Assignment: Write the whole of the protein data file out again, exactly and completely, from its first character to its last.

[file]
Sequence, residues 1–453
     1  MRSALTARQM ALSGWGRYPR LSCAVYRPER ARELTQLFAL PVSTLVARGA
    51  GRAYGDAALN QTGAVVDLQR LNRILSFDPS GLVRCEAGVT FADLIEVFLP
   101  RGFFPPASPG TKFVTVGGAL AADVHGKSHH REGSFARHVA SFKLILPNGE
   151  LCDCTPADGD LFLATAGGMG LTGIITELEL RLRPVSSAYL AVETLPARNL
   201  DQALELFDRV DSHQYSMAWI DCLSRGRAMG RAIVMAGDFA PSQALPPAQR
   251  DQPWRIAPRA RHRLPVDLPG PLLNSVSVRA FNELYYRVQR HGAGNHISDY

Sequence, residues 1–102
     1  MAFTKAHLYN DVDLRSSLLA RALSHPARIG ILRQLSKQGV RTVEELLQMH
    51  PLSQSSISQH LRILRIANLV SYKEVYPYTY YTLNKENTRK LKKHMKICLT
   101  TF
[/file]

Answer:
Sequence, residues 1–453
     1  MRSALTARQM ALSGWGRYPR LSCAVYRPER ARELTQLFAL PVSTLVARGA
    51  GRAYGDAALN QTGAVVDLQR LNRILSFDPS GLVRCEAGVT FADLIEVFLP
   101  RGFFPPASPG TKFVTVGGAL AADVHGKSHH REGSFARHVA SFKLILPNGE
   151  LCDCTPADGD LFLATAGGMG LTGIITELEL RLRPVSSAYL AVETLPARNL
   201  DQALELFDRV DSHQYSMAWI DCLSRGRAMG RAIVMAGDFA PSQALPPAQR
   251  DQPWRIAPRA RHRLPVDLPG PLLNSVSVRA FNELYYRVQR HGAGNHISDY

Sequence, residues 1–102
     1  MAFTKAHLYN DVDLRSSLLA RALSHPARIG ILRQLSKQGV RTVEELLQMH
    51  PLSQSSISQH LRILRIANLV SYKEVYPYTY YTLNKENTRK LKKHMKICLT
   101  TF